This module is part of a free online course where you can learn digital marketing.
- Brand Narrative & The Art Of Storytelling [Video]
- How Narratives Affect Business & Markets
- The Why That Drives Your Company
- Building A Brand With A Strong Narrative
- 3 Brand Narrative Examples
- Expressing Narratives With Brand Storytelling
- How To Share Your Brand Narrative
Brand Narrative & The Art Of Storytelling [Video]
How Narratives Affect Business & Markets
What Does Brand Narrative Mean?
A brand narrative is the story behind a brand. It may be in the form of a founders journey to success, a noble quest to create a better world or simply a reason to be for the enterprise.
Narratives affect our everyday purchasing decisions on a sub-conscious level. We all know stories behind businesses that influence how we interact with the products of those companies.
Use the FANG stocks as an example (Facebook, Amazon, Netflix & Google). You likely know how some of these companies got started.
- Mark Zuckerbergs dorm room social media network (now a Hollywood movie)
- Jeff Bezos’s battle through the dot com bubble
- Netflix pivoting from a rent-a-DVD model
- Larry & Sergey’s garage experiment that became Google and their mission to organize the worlds information.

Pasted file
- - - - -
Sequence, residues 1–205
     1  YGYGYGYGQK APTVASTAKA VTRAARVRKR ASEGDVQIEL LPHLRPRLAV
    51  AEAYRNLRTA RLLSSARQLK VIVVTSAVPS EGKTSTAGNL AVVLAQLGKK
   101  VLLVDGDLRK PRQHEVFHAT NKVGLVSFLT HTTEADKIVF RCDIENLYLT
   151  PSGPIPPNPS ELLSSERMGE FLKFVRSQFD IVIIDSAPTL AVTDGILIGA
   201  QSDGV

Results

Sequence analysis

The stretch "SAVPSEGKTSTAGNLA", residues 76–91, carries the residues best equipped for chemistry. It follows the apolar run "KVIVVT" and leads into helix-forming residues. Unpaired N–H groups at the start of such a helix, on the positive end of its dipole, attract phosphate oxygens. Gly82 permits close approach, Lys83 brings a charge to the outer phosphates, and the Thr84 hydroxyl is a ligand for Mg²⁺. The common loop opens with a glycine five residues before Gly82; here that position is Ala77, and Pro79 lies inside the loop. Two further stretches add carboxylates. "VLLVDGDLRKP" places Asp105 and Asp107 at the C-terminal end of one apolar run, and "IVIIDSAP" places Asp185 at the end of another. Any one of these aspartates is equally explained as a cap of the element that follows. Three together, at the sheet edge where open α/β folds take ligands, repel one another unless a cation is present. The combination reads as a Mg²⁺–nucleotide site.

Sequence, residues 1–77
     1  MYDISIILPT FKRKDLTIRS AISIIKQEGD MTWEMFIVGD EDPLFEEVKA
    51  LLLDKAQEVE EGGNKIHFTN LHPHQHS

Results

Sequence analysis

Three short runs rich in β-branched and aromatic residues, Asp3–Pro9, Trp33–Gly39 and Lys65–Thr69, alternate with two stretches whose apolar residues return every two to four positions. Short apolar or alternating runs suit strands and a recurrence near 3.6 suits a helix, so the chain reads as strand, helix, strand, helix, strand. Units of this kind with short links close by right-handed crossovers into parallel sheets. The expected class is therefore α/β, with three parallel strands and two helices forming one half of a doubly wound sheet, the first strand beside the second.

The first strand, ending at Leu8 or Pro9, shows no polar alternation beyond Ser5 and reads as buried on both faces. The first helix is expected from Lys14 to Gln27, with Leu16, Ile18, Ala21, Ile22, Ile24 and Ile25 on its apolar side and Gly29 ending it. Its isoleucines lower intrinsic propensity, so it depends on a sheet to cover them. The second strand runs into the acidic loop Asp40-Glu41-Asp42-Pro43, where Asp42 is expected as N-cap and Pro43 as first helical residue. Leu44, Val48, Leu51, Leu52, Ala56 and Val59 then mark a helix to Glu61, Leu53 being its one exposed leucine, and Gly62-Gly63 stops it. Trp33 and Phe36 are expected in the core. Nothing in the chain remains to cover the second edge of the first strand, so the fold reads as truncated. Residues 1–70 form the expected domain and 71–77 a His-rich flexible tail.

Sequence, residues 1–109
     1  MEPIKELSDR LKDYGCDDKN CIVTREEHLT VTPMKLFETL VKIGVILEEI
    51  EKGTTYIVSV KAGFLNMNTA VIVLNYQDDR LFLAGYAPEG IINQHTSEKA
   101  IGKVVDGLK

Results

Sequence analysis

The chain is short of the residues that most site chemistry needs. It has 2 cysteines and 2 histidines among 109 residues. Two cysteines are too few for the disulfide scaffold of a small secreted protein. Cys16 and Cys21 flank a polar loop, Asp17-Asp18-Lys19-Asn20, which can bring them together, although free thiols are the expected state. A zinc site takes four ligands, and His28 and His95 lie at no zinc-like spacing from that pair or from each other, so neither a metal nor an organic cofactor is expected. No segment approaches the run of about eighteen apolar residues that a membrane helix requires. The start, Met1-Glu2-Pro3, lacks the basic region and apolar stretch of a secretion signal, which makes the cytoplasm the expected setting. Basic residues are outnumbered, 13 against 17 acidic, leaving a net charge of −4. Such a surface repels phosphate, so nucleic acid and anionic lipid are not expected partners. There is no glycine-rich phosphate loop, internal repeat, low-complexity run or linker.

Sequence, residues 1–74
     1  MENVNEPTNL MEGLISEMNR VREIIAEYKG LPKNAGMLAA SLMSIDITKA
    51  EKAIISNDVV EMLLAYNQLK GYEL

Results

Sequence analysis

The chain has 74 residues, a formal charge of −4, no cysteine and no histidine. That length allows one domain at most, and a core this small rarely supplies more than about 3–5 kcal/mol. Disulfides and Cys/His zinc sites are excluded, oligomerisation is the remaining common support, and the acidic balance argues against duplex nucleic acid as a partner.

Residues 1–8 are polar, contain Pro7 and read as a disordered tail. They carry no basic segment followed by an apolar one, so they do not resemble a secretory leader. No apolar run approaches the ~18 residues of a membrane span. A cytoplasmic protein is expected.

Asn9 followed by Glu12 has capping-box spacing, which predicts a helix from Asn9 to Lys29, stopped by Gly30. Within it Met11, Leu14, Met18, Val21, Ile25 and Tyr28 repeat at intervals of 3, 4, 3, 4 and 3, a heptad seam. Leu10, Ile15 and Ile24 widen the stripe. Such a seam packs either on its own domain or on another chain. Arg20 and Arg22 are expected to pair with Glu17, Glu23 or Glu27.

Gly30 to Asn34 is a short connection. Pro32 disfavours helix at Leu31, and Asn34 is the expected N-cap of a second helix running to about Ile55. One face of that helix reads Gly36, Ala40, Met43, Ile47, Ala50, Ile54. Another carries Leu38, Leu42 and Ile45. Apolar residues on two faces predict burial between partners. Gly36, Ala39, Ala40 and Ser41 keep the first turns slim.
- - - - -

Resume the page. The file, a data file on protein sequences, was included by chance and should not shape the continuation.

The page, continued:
Whenever we interact with a company the story that we recall, through sub-conscious cognitive hooks, will influence our decision making process.
This is how big brands sell goods at a markup over the exact same products with supermarket generic packaging.
It’s not just purchasing decisions that are influenced by brand narratives though. In Robert J. Shiller’s book Narrative Economics he makes a case for narratives influencing financial markets.
“We need to incorporate the contagion of narratives into economic theory. Otherwise, we remain blind to a very real, very palpable, very important mechanism for economic change, as well as a crucial element for economic forecasting. If we do not understand the epidemics of popular narratives, we do not fully understand changes in the economy and in economic behavior.”